Three bacteria typically acquired in hospitals are listed as critical
New drugs can take up to 10 years to reach the market, experts say
Twelve types of bacteria were deemed “priorities” in urgent need of new antibiotics, according to a list released by the World Health Organization on Monday.
The first list of its kind, it highlights bacteria that global health experts believe pose the greatest threats to human health. The WHO is calling on governments and pharmaceutical companies to prioritize the development of new drugs against them.
Factors used to determine the bacteria posing the most risk included the levels of resistance seen already, the mortality rates of these bacteria today, their prevalence out in communities and the burden they place on health systems.
Hospital acquired infections
Topping the list were bacteria classed as “gram negative” bacteria, which have already shown resistance to multiple drugs.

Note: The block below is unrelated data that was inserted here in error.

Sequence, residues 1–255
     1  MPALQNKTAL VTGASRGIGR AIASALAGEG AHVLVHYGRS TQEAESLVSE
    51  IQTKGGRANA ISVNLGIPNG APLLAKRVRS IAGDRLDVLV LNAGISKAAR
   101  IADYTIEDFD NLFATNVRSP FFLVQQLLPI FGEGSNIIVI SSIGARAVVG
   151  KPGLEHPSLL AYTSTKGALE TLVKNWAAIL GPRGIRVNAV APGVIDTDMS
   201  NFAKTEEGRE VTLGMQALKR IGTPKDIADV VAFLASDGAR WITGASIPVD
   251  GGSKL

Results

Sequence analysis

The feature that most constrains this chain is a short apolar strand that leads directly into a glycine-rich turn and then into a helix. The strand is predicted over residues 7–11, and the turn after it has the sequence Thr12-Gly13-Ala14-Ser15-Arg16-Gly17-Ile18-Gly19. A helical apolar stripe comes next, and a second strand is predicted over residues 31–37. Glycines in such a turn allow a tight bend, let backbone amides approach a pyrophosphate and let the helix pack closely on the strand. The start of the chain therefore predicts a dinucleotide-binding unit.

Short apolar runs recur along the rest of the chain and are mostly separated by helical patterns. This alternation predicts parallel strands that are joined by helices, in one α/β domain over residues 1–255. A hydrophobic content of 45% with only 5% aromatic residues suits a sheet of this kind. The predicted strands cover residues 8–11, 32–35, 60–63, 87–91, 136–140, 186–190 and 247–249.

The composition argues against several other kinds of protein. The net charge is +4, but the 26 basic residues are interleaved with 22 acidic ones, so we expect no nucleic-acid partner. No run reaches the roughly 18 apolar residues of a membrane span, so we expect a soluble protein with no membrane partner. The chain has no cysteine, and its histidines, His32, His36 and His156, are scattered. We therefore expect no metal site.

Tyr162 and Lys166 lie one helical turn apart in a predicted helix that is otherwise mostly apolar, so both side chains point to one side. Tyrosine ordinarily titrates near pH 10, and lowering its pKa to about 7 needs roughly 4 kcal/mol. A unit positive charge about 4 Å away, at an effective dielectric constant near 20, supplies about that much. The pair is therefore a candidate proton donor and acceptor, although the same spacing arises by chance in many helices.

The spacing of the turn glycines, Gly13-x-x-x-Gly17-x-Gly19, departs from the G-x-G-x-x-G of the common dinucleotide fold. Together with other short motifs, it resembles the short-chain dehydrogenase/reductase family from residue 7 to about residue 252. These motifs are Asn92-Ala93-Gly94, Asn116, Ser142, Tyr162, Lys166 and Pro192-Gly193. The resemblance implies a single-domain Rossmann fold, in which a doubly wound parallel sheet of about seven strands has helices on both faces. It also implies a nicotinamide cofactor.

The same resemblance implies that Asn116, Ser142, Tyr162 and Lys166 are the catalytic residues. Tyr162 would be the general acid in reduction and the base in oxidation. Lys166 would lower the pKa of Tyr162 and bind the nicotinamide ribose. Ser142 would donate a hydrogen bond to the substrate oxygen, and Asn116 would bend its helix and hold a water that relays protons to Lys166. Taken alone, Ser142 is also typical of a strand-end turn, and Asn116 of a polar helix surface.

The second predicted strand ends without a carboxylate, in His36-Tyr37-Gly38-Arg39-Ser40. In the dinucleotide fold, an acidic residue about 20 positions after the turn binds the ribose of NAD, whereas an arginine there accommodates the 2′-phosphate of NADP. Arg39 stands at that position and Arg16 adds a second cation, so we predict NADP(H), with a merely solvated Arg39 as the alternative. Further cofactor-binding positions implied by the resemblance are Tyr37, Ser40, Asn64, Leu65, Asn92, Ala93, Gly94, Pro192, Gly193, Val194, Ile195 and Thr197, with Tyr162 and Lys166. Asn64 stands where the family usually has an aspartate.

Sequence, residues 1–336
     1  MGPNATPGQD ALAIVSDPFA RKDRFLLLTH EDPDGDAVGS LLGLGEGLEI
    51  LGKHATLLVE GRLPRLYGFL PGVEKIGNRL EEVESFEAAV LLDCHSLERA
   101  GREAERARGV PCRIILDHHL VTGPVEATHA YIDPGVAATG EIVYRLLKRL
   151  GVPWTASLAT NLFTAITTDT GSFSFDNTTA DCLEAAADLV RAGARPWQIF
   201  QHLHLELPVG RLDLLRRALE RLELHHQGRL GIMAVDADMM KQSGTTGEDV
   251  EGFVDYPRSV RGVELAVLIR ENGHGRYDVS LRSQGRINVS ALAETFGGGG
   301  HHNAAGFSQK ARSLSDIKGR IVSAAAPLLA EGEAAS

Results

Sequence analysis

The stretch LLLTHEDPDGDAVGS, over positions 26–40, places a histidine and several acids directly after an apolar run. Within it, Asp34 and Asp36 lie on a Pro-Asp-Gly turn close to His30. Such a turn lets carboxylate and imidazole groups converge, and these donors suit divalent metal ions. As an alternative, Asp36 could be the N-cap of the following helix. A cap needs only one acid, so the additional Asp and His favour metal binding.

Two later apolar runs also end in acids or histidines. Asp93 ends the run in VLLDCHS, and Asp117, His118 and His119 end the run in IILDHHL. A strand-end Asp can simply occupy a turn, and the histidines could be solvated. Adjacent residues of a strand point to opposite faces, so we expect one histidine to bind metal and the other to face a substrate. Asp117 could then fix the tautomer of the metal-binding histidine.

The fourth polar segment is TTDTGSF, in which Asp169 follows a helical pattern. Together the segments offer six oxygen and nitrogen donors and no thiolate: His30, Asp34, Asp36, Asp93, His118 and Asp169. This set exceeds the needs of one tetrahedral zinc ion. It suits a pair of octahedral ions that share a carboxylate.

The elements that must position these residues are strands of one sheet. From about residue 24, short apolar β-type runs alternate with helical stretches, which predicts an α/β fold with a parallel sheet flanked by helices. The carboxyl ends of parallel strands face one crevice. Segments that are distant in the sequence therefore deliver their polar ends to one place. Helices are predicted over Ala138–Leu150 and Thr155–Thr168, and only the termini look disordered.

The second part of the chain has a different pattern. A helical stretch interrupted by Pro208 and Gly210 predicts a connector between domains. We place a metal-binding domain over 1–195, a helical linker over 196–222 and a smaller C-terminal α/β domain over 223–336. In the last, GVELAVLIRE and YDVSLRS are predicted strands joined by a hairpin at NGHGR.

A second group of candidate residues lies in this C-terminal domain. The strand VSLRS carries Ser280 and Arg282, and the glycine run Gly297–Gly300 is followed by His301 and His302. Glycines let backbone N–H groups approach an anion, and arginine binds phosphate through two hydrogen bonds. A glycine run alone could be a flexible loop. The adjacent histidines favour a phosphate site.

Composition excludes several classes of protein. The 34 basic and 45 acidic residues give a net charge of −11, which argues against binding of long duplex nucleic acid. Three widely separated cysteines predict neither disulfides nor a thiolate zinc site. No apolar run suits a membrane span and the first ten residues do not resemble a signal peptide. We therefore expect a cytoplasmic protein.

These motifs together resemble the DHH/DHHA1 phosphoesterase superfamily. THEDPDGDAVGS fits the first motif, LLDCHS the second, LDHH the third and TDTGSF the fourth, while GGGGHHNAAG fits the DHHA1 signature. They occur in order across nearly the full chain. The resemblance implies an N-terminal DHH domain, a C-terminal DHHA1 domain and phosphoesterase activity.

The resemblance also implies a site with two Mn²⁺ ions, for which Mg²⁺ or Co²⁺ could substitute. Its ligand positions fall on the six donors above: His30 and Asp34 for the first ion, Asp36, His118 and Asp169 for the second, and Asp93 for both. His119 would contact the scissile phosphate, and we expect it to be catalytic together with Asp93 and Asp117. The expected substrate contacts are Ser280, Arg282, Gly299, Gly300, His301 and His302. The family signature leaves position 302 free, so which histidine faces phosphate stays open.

These include Acinetobacter baumannii and pseudomonas aeruginosa, which are predominantly linked to hospital-acquired infections or infections in healthcare settings, such as nursing homes, and in patients who require equipment such as ventilators or blood catheters, which can become contaminated.
Enterobacteriaceae, which include bacteria such as E.coli and klebsiella, were listed third and also pose a greater threat in healthcare settings.
“These bacteria are responsible for high mortality rates,” said Dr. Marie-Paule Kieny, WHO’s assistant director-general for health systems and innovation. “New, effective therapies are imperative.”
In the United States, one in 25 hospital patients are estimated to have at least one hospital-acquired infection, according to the US Centers for Disease Control and Prevention.
Globally, antibiotic resistance has been seen in every country, according to WHO, and drug-resistant bacteria are estimated to cause 700,000 deaths each year. If no action is taken, they are expected to kill 10 million people annually by 2050.
The risk of death from a resistant pathogens is two to three times greater said Dr. Carmem Pessoa da Silva, coordinator of antimicrobial resistance at WHO.